The name "Event Tree" was first introduced during the WASH-1400 nuclear power plant safety study (circa 1974), where the WASH-1400 team needed an alternate method to fault tree analysis due to the fault trees being too large. Though not using the name event tree, the UKAEA first introduced ETA in its design offices in 1968, initially to try to use whole plant risk assessment to optimize the design of a 500MW Steam-Generating Heavy Water Reactor. This study showed ETA condensed the analysis into a manageable form.[1] ETA was not initially developed during WASH-1400, this was one of the first cases in which it was thoroughly used. The UKAEA study used the assumption that protective systems either worked or failed, with the probability of failure per demand being calculated using fault trees or similar analysis methods. ETA identifies all sequences which follow an initiating event. Many of these sequences can be eliminated from the analysis because their frequency or effect are too small to affect the overall result. A paper presented at a CREST symposium in Munich, Germany, in 1971 indicated how this was done[citation needed]. The conclusions of the US EPA study of the Draft WASH-1400[3] acknowledges the role of Ref 1 and its criticism of the Maximum Credible Accident approach used by AEC. MCA sets the reliability target for the containment but those for all other safety systems are set by smaller but more frequent accidents and would be missed by MCA.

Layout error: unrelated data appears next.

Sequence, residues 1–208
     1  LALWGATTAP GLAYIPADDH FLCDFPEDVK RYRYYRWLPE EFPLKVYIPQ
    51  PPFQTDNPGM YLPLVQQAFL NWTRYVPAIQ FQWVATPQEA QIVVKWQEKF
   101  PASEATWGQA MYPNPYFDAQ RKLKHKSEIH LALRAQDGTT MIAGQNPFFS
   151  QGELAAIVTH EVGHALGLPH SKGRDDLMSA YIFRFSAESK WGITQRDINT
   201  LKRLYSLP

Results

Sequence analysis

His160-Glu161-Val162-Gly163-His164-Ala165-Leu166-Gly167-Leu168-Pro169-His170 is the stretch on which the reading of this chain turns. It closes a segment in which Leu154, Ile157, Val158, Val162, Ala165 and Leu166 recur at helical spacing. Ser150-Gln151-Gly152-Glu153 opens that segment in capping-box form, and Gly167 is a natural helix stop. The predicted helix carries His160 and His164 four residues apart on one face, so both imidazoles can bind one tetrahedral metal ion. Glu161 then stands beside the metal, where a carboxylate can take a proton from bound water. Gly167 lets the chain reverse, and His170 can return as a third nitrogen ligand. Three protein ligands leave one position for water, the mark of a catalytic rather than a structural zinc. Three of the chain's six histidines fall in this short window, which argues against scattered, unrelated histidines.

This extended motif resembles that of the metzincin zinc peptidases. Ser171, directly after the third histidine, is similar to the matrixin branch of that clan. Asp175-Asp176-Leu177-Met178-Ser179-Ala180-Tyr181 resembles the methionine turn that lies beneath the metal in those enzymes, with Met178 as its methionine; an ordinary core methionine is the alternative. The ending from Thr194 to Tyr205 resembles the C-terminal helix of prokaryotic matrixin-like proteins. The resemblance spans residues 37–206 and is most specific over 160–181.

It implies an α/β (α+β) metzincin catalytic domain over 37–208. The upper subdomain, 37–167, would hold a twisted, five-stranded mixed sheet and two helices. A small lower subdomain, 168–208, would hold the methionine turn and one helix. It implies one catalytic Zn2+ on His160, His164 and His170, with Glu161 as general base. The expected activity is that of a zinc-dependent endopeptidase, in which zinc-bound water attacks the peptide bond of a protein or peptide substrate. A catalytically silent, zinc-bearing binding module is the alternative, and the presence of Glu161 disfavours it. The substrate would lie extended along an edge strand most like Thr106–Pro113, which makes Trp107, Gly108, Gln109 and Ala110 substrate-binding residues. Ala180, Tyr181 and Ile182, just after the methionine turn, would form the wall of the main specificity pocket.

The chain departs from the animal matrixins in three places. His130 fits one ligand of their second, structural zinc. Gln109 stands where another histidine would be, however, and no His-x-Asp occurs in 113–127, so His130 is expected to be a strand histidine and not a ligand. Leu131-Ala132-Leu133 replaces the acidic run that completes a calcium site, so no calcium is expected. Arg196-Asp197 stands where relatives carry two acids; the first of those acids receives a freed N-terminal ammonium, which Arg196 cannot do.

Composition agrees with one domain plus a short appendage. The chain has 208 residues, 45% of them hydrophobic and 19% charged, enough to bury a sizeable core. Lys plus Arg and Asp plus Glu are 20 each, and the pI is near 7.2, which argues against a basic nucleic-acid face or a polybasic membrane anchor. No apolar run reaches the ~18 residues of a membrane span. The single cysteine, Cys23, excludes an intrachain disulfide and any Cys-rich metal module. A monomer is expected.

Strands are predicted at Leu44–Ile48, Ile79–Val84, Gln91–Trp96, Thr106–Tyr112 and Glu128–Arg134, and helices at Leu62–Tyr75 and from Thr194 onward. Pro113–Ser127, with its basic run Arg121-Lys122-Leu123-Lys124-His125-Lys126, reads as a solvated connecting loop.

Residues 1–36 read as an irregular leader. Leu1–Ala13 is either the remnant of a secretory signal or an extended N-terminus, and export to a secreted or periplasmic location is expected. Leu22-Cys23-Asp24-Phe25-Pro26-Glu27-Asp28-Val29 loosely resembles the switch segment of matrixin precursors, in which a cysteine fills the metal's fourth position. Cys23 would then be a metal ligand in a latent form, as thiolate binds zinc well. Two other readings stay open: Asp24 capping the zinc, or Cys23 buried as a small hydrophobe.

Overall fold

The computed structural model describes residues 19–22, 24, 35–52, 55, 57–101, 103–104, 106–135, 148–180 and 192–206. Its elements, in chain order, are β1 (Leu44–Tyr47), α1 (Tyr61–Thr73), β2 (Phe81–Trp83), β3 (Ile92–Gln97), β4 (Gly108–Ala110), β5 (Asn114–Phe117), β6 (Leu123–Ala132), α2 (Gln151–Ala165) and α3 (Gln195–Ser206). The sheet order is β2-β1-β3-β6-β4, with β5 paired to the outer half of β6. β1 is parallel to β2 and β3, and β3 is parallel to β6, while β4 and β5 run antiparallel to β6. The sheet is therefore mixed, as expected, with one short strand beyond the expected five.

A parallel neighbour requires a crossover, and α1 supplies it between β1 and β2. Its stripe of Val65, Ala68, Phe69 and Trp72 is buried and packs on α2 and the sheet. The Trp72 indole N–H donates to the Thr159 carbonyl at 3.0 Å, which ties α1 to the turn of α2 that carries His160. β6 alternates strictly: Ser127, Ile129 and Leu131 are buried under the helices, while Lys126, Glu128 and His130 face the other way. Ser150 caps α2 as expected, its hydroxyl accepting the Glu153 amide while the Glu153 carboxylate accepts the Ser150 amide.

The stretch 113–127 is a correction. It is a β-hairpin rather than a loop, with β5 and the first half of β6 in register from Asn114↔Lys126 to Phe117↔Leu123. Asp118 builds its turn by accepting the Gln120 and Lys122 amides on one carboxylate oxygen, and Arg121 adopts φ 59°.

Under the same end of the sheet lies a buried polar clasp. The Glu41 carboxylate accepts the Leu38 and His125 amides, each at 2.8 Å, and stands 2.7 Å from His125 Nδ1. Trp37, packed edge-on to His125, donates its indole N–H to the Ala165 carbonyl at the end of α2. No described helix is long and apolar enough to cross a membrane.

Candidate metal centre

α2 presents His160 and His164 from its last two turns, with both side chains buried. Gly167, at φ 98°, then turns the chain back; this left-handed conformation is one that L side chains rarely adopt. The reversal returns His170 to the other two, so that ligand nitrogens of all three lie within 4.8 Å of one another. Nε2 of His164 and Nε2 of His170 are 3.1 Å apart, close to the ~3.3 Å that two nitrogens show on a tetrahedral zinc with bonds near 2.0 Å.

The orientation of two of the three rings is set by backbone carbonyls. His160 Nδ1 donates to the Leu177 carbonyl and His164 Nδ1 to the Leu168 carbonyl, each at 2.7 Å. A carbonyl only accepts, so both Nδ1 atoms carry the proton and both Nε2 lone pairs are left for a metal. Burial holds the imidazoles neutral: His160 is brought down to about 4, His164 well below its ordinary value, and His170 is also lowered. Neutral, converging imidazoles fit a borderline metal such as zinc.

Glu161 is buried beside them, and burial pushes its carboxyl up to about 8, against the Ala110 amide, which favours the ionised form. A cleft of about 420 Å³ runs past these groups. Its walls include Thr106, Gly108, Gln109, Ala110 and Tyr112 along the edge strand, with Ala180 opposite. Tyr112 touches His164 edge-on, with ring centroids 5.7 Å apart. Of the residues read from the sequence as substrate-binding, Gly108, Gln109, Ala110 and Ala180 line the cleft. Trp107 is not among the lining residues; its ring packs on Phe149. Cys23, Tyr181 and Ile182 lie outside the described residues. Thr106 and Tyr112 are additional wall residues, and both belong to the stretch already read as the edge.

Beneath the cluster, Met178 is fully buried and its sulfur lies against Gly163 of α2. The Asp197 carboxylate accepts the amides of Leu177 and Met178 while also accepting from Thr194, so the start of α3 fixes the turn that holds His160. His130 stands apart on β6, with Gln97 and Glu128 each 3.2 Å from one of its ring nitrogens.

In 2009 a risk analysis was conducted on underwater tunnel excavation under the Han River in Korea using an earth pressure balance type tunnel boring machine. ETA was used to quantify risk, by providing the probability of occurrence of an event, in the preliminary design stages of the tunnel construction to prevent any injuries or fatalities because tunnel construction in Korea has the highest injury and fatality rates within the construction category.[4]